Cody Kessler may have to wait until Day Three of the 2016 NFL Draft to hear his name called as scouts love his accuracy but question his ceiling.
Three years of high-level production at USC should give Cody Kessler a spot in the 2016 NFL Draft, but there are a wide range of landing spots for the quarterback.
Here’s a look at where Kessler stands heading into Thursday:
What Cody Kessler did at USC:
Kessler finished out his career as one of the most prolific passers to ever play at USC. He set Trojan records with a 67.5% completion rating and 1.51 interception rate, surpassing Matt Leinart’s marks. His 88 touchdowns are third at USC all time along with his 851 completions while his 10,339 passing yards and 9,914 total offense are fourth among Trojan QBs.
After splitting duties with Max Wittek in 2013, Kessler took on the job full time and guided USC through three seasons with a record of 27-14.
In 2014, he set single-season records for completions, completion percentage, passing efficiency and interception rate. He also tied USC’s mark with 39 touchdowns in a season.
In 2015, despite the firing of Steve Sarkisian midseason, Kessler helped lead the Trojans to their first Pac-12 South title.
What Cody Kessler could do in the NFL:
When the 2014 season had finished, Kessler was gaining steam as a potential Heisman candidate, but his NFL prospects were muted even then. After an often frustrating 2015 season, his stock fell considerably.
Excellent accuracy will put Kessler on draft boards, but limited arm strength and measurables are set to hold him back.
In the end, that may work in Kessler’s favor. As a third round pick, the Trojan QB will be allowed to learn in the background. Few expect him to become a regular NFL starter but his usefulness as a back up should suffice. From there he may get the chance to take the reins down the line.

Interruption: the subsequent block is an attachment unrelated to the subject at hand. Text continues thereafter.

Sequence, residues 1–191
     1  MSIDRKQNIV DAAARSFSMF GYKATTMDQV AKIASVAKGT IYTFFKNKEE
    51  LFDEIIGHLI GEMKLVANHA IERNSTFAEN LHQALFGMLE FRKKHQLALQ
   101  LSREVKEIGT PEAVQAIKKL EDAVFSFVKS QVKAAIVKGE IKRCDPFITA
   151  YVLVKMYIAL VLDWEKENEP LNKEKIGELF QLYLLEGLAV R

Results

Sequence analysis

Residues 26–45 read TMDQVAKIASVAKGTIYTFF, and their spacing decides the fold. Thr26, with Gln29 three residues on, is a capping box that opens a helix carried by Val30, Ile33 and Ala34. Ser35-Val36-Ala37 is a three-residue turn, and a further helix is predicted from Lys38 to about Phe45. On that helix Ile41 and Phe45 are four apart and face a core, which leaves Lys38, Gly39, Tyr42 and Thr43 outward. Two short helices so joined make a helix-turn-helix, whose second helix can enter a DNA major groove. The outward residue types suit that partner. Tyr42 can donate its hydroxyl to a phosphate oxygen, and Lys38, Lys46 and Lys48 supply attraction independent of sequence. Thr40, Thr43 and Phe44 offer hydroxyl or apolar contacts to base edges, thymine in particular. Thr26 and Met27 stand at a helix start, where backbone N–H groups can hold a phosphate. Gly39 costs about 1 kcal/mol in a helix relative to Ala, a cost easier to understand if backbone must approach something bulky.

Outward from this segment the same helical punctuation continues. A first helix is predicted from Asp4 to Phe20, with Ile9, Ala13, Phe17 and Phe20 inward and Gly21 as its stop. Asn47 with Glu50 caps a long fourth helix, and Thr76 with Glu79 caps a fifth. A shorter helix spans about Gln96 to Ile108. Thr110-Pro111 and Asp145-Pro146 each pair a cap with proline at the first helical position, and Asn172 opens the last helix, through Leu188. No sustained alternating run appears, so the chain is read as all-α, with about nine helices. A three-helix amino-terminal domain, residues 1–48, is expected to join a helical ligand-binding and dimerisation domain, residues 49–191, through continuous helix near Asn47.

Kessler will never be among the elite passers in the NFL, but he could forge a reasonably successful pro career.
What the scouts say about Cody Kessler:
“Kessler’s best trait is his accuracy, able to consistently place the ball in the most effective location in order to maximize his receivers’ abilities after the catch. For a quarterback who won’t rip off big chunks of yardage with throws down the field, this trait is huge…He’s been labeled as the checkdown king, and the nickname has some truth to it, but there is something to be said for a quarterback who rarely takes unnecessary risks and protects the football. That said, obviously Kessler’s deficiencies are glaring and will handcuff an offense considerably as a featured passer.” — Jon Ledyard of USA Today Sports
“Kessler is pretty effective at creating space in the pocket, exhibiting light feet and spatial awareness while keeping his eyes downfield…Simply lacks ideal size and arm strength to fit in most NFL offenses…Despite significant starting experience, appeared rattled at times when his protection broke down… Like Matt Barkley before him, Kessler is a draftable – but not exciting – NFL prospect.” — Rob Rang of CBS Sports
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“Kessler lacks ideal height, has below-average arm strength, and his deep accuracy is too inconsistent at this point. But he is very accurate on short-to-intermediate throws, has outstanding football intelligence, and extends a lot of plays with his awareness and sneaky quickness. In a precision-based system, Kessler can be a good backup in the NFL, which is why we give him a Day 3 grade.” — ESPN
“Can orchestrate an offense with confidence and accuracy when operating from a clean pocket, but doesn’t appear to have the mentality of a player willing to take the risks necessary to strike with big plays often enough on the pro level. Kessler has moments where it is easy to like him on tape, but the traits and tape look more like those of a good, career backup than playoff starter.” — Lance Zierlein of NFL.com